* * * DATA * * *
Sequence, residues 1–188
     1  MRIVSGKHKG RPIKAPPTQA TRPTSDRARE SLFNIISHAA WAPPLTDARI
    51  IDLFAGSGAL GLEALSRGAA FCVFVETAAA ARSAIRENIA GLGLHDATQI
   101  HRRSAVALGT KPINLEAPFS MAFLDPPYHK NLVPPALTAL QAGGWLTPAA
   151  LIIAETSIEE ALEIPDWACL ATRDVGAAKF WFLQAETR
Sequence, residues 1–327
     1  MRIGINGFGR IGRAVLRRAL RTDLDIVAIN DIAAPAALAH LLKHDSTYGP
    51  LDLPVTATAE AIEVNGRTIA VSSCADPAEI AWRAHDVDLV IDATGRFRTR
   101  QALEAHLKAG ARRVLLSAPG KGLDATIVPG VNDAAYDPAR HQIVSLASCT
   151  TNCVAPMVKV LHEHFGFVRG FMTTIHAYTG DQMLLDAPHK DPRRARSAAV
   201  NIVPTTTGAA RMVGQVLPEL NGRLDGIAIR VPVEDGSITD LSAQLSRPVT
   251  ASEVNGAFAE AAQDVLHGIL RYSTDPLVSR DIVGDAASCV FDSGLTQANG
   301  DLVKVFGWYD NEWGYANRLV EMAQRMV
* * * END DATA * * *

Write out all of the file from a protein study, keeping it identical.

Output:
Sequence, residues 1–188
     1  MRIVSGKHKG RPIKAPPTQA TRPTSDRARE SLFNIISHAA WAPPLTDARI
    51  IDLFAGSGAL GLEALSRGAA FCVFVETAAA ARSAIRENIA GLGLHDATQI
   101  HRRSAVALGT KPINLEAPFS MAFLDPPYHK NLVPPALTAL QAGGWLTPAA
   151  LIIAETSIEE ALEIPDWACL ATRDVGAAKF WFLQAETR
Sequence, residues 1–327
     1  MRIGINGFGR IGRAVLRRAL RTDLDIVAIN DIAAPAALAH LLKHDSTYGP
    51  LDLPVTATAE AIEVNGRTIA VSSCADPAEI AWRAHDVDLV IDATGRFRTR
   101  QALEAHLKAG ARRVLLSAPG KGLDATIVPG VNDAAYDPAR HQIVSLASCT
   151  TNCVAPMVKV LHEHFGFVRG FMTTIHAYTG DQMLLDAPHK DPRRARSAAV
   201  NIVPTTTGAA RMVGQVLPEL NGRLDGIAIR VPVEDGSITD LSAQLSRPVT
   251  ASEVNGAFAE AAQDVLHGIL RYSTDPLVSR DIVGDAASCV FDSGLTQANG
   301  DLVKVFGWYD NEWGYANRLV EMAQRMV